Saturday, January 2, 2010

The Importance of Sleep

Today I read an article about a British study of teenagers and sleep that showed that teens who had an established bedtime at 10:00 p.m. were less likely to be depressed than those whose parents allowed them to stay up until midnight or later. The speculation was that continual sleep deprivation is likely to lead to depression and a rise in suicidal thoughts and suicide. This is really no surprise, as the link between sleep deprivation and depression is well established. One of the problems with adults is finding out whether depression causes difficulties sleeping, or whether lack of sleep causes depression, though I suspect both are the case in a kind of vicious circle.

Our family unfortunately has a history of insomnia, which is bad enough when you don't have to get up early and go to work daily, but is far worse when you can't sleep later or during the day to make up for it. Leif suffered from insomnia, but beyond that, he didn't like to go to bed. He would stay up until the wee hours of the morning watching television and playing online computer games, which he loved, but that hyped him up so he couldn't sleep. Then he tried to drug himself to sleep with beer.

One reason Leif didn't like to go to bed at a decent hour despite the fact that he had to go to work was the family night owl gene, which nearly all of us seem to have, but two other factors were the just plain bad habit of going to bed really late (one that I have, too) and the fact that there wasn't anything attractive about the bed when he had to go to bed alone. Leif was a man who liked to cuddle up and there was no one for him to cuddle up with much of his adult life, and certainly not the last months of it, though he tried hard to find love.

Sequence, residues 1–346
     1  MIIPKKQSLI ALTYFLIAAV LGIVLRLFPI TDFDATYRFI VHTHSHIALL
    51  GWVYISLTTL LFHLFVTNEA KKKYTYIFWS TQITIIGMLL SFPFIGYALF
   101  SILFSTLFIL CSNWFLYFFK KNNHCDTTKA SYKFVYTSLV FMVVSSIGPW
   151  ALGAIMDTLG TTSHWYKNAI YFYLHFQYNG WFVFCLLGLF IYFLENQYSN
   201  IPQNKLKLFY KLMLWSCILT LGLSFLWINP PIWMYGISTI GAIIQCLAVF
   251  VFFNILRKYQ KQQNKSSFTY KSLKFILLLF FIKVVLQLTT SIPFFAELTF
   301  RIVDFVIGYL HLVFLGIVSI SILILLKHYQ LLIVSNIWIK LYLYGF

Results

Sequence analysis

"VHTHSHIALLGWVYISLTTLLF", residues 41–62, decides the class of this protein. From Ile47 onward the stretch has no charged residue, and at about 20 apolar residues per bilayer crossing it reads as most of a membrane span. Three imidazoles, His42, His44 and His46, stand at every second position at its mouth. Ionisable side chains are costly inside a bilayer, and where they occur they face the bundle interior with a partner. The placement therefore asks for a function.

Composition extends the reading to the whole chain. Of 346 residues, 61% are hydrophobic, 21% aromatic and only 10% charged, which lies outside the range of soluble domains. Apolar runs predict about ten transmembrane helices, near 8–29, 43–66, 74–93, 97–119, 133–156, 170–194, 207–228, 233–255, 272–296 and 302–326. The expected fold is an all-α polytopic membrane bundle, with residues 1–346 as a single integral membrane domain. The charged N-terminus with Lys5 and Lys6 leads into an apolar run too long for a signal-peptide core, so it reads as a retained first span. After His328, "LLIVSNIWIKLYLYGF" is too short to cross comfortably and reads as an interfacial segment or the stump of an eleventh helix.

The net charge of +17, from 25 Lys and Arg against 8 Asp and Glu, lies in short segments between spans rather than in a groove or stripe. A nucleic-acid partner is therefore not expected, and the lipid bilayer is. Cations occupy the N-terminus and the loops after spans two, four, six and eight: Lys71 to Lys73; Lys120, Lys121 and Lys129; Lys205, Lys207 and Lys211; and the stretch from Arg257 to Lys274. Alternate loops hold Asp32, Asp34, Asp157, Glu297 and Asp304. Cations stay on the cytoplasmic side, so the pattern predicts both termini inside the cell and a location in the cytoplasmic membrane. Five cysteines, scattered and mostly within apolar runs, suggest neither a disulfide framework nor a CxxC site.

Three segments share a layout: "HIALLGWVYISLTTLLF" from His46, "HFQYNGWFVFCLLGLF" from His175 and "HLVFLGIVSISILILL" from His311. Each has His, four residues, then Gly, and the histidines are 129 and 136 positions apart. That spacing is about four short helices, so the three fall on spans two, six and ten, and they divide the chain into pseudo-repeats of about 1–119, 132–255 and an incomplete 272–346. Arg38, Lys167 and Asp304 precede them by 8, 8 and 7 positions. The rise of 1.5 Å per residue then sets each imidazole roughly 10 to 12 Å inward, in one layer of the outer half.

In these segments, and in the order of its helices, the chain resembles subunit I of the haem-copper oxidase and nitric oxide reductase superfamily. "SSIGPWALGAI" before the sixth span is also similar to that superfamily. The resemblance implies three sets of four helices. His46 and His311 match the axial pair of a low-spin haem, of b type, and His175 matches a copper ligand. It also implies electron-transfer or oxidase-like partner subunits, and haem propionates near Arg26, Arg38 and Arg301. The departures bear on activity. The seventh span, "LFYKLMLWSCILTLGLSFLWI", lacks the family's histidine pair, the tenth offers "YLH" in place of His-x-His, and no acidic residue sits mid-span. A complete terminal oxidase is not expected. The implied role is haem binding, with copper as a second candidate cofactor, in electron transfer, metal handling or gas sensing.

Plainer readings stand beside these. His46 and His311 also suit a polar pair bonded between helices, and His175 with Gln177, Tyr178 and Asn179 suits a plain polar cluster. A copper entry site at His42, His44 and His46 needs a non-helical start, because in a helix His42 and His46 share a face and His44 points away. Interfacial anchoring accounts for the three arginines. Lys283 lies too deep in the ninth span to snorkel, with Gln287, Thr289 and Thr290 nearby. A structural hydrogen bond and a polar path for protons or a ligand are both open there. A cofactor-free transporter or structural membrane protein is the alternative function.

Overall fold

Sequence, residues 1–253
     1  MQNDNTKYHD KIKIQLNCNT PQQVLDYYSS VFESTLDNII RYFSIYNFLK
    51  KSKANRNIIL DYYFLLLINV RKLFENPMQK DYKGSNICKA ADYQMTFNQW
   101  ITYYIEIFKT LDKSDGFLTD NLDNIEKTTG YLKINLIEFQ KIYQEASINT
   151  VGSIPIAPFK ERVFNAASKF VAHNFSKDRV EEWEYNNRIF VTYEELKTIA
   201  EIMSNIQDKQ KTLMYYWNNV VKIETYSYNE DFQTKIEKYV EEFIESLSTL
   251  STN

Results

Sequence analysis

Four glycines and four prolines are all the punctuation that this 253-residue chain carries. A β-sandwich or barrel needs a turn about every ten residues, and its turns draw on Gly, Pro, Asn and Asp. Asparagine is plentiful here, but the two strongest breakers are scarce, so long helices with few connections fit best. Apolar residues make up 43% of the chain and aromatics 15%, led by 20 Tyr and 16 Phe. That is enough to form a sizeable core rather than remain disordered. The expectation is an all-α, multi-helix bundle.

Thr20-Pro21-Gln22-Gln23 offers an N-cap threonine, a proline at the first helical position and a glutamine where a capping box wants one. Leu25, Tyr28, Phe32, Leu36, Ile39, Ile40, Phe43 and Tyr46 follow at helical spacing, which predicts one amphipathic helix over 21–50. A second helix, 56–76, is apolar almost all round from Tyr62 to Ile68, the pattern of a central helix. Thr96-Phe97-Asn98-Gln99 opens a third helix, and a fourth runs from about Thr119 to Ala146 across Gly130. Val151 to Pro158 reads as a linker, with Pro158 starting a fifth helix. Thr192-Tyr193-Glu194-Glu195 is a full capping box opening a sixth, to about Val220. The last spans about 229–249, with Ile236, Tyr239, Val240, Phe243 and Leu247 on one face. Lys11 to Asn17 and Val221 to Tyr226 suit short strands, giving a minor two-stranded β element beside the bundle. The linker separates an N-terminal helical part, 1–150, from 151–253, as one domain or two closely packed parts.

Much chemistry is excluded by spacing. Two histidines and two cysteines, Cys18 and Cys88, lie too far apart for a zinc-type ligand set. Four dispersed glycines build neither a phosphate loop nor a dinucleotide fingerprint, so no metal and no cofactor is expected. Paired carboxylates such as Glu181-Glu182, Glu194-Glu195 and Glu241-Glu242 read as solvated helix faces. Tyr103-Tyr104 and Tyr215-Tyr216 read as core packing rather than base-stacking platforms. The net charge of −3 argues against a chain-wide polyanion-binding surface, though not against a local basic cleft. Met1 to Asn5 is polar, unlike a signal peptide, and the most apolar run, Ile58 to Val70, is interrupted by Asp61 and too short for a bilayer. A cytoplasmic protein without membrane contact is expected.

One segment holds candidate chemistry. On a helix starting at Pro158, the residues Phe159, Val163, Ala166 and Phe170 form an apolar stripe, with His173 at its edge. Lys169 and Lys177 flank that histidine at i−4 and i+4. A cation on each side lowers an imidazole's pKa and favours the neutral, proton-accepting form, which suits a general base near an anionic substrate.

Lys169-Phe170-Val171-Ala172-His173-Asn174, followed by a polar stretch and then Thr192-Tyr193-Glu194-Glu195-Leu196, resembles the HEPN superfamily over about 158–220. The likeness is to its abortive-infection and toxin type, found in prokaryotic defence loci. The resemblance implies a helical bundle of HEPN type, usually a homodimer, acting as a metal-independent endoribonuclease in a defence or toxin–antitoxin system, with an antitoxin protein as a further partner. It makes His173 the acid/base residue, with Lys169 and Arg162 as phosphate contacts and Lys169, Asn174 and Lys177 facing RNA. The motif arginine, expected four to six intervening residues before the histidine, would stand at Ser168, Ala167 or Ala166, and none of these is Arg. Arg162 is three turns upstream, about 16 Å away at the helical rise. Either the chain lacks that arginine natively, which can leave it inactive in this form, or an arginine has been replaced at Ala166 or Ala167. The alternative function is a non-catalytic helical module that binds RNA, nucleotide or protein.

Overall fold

Continual sleep deprivation has also been linked to weight gain, and Leif also had a problem with that.

Enough sleep would not have solved his many other problems, but he certainly would have felt better physically and mentally if he had slept regularly and long enough. Perhaps life would not have seemed quite so bleak or his depression so deep. The night before he died, in the early morning hours of April 9, 2008, he had stayed up visiting with friends and drinking. Lack of sleep and alcohol both increase depression and impair judgement. Could it have been as simple as him saying to himself, drunk and worn out, that it wasn't worth getting up in the morning to go to work just to try to pay his debts? We will never know, but I can conceive of it.

I look back at all the photos of his life, and I am grateful for all the smiles and joy in his childhood and teen photos, and I'm glad I made sure he got enough sleep in those years when I had some control over it.

I have been fortunate in my life that sleep deprivation has made me tired at times, but not depressed. I hope it never will. I am also fortunate that I no longer have to force myself to get up early every morning no matter how tired I am and go to work, especially since I seem to sleep most soundly after about 3:00 a.m.


This photo of Leif was taken at Fort Sheridan, Illinois in July 1987. He was 12 years old.

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